Grammer guru realizes air of weighs

By: Ellen Siefke

I recently went through an existential crisis of sorts, the kind that causes you to wake up at 4 a.m. with a start. As any of my former roommates would tell you, I sleep like the dead. So what caused me to wake up so suddenly?

Easy: The realization that my life’s work is completely and utterly pointless.

I speak not of my love of playing the guitar, of running or of washing dishes. I speak of my obsession with grammar.

Those who know me might be shocked to hear this. Nevertheless, I hope that they will soon enough come to thank me, as I urge them to liberate themselves of their grammatical bindings and allow themselves free reign when it comes to the English language.

Why does grammar exist? What even is grammar? Why is it so difficult?

The answer is quite simple — grammar constitutes nothing more than a mindless set of rules and regulations designed to make losers like myself feel better about themselves.

See, we’re a lonely group. As children, while our classmates dreaded diagramming sentences or completing English worksheets, we relished in our efforts. We loved making subjects and predicates agree, picking out participles and keeping those infinitives whole. We spent our time in our happy bubbles, eager to devour any grammatical knowledge that came our way.

However, as we aged, we realized that the rest of the world did not share our passion. We saw dangling participle after dangling participle, split infinitive after split infinitive, run-on after run-on, heavily cringing all the while. How could someone just look at a run-on and find it acceptable? How could someone split our precious infinitive? The lack of grammatical knowledge appalled us.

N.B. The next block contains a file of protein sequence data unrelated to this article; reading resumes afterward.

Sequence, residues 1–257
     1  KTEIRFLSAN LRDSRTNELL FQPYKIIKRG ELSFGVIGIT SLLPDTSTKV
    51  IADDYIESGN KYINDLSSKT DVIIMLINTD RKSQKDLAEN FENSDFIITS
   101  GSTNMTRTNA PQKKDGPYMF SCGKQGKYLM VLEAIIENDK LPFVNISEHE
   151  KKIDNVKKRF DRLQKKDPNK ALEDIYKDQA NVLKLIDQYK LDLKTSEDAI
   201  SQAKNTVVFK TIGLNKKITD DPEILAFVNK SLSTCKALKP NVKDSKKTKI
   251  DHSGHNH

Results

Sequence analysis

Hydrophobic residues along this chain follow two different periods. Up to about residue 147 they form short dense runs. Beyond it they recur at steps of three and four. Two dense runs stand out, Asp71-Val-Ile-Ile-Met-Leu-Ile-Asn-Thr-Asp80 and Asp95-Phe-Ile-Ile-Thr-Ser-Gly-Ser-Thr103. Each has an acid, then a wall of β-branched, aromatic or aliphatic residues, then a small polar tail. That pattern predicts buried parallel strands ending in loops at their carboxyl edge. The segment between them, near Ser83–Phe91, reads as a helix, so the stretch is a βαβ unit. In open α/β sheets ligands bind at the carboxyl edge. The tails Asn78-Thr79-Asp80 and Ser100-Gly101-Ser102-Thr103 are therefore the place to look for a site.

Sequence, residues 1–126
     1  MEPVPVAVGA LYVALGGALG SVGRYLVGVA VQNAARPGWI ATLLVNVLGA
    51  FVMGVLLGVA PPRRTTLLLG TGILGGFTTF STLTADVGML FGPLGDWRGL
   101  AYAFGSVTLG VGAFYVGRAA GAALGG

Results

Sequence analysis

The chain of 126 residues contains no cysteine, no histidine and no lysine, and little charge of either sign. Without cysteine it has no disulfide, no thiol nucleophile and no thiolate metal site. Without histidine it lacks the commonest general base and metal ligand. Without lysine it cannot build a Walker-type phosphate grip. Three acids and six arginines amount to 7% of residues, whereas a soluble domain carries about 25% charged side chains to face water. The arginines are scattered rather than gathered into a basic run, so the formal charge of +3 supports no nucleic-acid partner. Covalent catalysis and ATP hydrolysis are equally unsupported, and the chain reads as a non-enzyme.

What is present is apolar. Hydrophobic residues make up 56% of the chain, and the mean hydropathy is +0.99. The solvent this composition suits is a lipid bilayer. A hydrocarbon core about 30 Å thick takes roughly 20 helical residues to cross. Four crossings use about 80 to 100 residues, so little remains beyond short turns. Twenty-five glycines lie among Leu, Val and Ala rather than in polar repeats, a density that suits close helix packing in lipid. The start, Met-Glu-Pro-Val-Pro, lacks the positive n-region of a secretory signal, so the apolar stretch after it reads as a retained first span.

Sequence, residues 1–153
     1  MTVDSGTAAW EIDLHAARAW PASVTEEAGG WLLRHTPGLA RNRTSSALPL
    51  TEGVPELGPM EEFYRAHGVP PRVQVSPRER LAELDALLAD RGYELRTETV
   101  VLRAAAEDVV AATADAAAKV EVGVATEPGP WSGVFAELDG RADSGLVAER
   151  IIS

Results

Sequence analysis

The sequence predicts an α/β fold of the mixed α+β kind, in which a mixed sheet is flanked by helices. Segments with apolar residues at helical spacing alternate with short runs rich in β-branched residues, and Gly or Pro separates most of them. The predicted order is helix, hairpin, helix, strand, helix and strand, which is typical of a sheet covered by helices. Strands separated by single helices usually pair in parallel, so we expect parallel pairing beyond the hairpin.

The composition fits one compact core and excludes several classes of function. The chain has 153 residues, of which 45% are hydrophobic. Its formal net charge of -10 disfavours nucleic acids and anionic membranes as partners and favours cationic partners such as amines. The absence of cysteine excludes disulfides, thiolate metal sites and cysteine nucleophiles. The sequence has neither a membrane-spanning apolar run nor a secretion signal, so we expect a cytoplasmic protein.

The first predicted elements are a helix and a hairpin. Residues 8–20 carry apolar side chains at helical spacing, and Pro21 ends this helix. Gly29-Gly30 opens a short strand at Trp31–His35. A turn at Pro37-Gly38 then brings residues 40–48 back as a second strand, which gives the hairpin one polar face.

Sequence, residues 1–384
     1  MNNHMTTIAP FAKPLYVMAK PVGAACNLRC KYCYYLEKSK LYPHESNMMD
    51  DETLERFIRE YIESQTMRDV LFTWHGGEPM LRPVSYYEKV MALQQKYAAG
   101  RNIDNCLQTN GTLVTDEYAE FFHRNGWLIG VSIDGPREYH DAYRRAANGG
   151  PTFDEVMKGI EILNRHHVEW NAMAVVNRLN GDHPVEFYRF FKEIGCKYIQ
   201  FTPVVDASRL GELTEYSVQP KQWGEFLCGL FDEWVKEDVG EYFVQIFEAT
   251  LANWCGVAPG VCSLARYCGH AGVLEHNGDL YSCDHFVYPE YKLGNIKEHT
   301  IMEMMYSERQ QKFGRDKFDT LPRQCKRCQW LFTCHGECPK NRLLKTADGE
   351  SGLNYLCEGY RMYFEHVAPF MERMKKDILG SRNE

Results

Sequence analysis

So, the sweet, grammar-loving kids became “grammar Nazis.” Armed with red pens and stylebooks, we sought to rid the world of bad grammar. We would not tire, we would not rest, we would not stop until everyone knew the difference between “its” and “it’s,” until everyone said “you’re welcome” instead of “your welcome,” until everyone used “could’ve” instead of “could of.”

But in the process, what became of us? Well, we became losers. While our peers spent their weekends out at the movies, out partying with friends or otherwise out having a good time, we holed up in our rooms, indulging in the OED, Follett’s Modern American Usage or E.B. White’s Elements of Style. We convinced ourselves that the more we studied, the better we could fulfill our mission.

At some point, we began to recognize the sad, pathetic truth of our lives. So we kept creating grammatical rules to imagine that we weren’t really losers. But we failed miserably.

Ellen Siefke is a sophomore Spanish and English double major whose favorite punctuation mark used to be the semicolon.

So here I am, the dorkiest of the dorks, having wasted my time obsessing over grammar in a world that will inevitably remain full of bad grammar.

Well, I give up. I renounce grammar; I refuse to submit myself any longer to a bunch of arbitrary rules just to feel better about the fact that I am a loser who does nothing but mark up a bunch of papers. I will no longer pretend that I have actual friends beyond my precious grammar books and red pens.

So split you’re infinitives, tell your English professors that you right real good, make all the run-ons you want, use all the slang, yo. Place commas, here, and there, worry not, about punctuation — at all. Say your doin’ good and throw in colons: and semicolons; whenever. ignore, capitalization, its to hard anyway. Say you could of done gooder in english class

More than anything rejoice in this newfound freedom to actually do whatever the heck you want with english: so godspeed, my fellow horribly grammarians, godspeed.